SmallSoldier wrote: ↑
Fri Sep 13, 2019 4:03 pm
Mudflap wrote: godlameroso wrote: ↑
Fri Sep 13, 2019 12:29 pm
Not to mention you'd run out of fuel.
Not necessarily - peak power is still 100 kg/h at higher TE.
That’s one that I was thinking about the other day... Maximum fuel usage is 100Kg/h... Maximum amount of fuel is 105Kg... The races last more than 1.7 hours... There shouldn’t be able to drive at maximum power during a race if they are on the throttle for more than 50% of the time.
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The fuel saving is there, but it's not as severe as it was before, partly due to the fuel allowance being 110kg this year IIRC. On some tracks you can underfuel, for example Austria, Barcelona, Hungary, on some tracks underfueling can be an advantage if you can compensate for it with pace from the chassis(like Melbourne or Canada). You run the engine only to stretch the lead.
I think during the race it's obvious that they do not run at full power, for both reliability and race pace sake. It's not just the power unit that can't take it, it's also the tires, as more power through the rears means more slip, and more wear.
However if we were to know the true average power used during the race it would still be very impressive. I would venture average power is ~880hp +- 40-50hp. 1,000hp is used at times, and even lower modes are used at times as well. For example if you use more pace early on the race for track position, you may have to run at a lower pace later on in the race, not all race but to satisfy the fuel target.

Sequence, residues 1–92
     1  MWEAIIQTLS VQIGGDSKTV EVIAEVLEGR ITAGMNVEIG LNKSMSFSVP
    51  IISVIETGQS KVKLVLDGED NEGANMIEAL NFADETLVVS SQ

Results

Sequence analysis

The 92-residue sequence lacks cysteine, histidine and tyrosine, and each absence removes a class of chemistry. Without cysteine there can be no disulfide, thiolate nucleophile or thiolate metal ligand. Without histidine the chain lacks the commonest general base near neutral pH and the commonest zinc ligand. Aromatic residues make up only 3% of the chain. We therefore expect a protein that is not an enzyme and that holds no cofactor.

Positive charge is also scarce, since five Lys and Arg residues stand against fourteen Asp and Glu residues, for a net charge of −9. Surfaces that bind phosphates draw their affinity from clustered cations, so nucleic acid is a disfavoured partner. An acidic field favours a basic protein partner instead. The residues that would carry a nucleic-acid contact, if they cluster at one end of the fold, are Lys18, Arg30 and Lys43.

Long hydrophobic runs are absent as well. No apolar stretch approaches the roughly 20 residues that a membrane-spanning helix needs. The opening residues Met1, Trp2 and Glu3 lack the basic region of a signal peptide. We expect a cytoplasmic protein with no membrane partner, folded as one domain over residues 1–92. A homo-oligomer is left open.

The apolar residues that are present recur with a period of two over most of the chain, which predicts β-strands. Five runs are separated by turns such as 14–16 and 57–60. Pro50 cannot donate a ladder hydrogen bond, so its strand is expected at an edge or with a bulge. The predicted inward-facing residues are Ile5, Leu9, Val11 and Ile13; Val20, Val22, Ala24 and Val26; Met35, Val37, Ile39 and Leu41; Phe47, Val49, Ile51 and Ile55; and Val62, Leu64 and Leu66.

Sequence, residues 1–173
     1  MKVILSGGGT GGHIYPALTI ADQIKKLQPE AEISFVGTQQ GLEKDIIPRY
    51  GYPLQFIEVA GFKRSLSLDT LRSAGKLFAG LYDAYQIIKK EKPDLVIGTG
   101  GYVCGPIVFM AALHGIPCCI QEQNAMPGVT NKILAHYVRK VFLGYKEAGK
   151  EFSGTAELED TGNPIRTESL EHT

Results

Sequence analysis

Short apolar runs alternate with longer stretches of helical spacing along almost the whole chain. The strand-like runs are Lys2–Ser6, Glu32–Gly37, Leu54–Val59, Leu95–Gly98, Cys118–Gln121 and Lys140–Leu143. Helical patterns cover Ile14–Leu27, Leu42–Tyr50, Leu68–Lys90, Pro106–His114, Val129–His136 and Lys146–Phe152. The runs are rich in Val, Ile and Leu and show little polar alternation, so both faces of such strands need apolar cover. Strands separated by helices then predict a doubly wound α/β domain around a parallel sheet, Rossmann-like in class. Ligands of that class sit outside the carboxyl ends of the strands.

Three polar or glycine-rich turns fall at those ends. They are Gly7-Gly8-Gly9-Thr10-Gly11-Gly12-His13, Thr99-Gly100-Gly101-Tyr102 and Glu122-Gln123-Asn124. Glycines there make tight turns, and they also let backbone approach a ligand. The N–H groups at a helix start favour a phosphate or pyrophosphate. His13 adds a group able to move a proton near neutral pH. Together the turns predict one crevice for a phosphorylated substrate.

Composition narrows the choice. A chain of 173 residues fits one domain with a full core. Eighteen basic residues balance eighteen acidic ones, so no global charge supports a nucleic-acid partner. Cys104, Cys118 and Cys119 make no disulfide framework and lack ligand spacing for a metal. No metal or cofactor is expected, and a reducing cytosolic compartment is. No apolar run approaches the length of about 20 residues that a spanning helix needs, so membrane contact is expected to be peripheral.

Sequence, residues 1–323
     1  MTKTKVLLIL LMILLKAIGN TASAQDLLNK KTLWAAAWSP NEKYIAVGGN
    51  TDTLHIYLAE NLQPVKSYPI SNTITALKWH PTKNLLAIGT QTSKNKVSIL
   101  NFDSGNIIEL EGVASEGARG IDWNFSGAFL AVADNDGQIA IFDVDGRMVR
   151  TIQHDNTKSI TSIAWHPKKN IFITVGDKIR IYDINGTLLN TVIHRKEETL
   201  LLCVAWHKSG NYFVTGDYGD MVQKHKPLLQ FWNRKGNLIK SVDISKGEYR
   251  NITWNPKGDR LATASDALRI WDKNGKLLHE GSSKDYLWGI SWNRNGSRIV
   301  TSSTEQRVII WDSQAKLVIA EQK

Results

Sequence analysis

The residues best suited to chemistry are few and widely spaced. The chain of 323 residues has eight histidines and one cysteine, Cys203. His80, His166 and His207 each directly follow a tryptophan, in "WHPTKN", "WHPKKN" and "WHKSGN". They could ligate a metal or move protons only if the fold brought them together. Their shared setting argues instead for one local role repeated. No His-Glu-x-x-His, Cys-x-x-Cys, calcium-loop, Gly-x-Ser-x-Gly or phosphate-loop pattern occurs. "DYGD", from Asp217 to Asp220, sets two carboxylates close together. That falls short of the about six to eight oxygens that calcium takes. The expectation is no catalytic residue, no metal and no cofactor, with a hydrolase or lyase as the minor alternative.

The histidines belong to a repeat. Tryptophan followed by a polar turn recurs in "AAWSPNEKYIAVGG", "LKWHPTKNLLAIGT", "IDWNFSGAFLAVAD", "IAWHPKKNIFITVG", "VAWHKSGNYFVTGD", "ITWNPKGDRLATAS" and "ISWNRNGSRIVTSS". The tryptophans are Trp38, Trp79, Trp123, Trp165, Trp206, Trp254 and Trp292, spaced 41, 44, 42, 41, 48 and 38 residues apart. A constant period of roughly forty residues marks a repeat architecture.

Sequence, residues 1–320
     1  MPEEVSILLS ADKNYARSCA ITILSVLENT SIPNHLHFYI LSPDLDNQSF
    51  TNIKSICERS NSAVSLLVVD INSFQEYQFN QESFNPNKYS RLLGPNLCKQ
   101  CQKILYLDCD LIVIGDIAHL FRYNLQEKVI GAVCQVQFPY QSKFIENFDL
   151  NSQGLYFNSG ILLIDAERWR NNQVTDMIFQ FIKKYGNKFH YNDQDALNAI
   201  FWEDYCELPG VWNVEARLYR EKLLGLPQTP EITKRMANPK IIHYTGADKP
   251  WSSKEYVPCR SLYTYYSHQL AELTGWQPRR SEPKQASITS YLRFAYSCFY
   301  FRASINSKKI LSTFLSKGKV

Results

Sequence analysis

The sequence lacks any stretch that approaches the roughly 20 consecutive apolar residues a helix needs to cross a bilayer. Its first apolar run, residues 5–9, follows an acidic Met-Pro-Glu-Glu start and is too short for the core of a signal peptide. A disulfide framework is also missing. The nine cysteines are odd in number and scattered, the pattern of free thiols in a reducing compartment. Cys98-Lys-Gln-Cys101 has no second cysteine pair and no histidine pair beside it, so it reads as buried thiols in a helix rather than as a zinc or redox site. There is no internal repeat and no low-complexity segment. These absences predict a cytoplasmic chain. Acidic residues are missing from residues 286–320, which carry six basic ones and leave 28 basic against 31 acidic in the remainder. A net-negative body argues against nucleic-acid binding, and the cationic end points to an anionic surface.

As with all things, fuel weight, it's influence on chassis performance, and the rate at which it is consumed by the power unit are all very tight knit variables which are affected by other things. It really shows how important the fluids used by the power unit are, and how much gains can be had by the actual design of the engine and it's ancillaries with regards to reducing pumping losses, or efficiency gains. Again increasing efficiency by reducing windage losses for instance can allow you to carry just that little bit less fuel onboard and gain you a tenth of chassis performance. Or repositioning the radiators improves COG because it lets you make a more streamlined water pump. Often there is a balancing act where adding weight somewhere can let you remove more somewhere else for a net loss of weight, or better COG.
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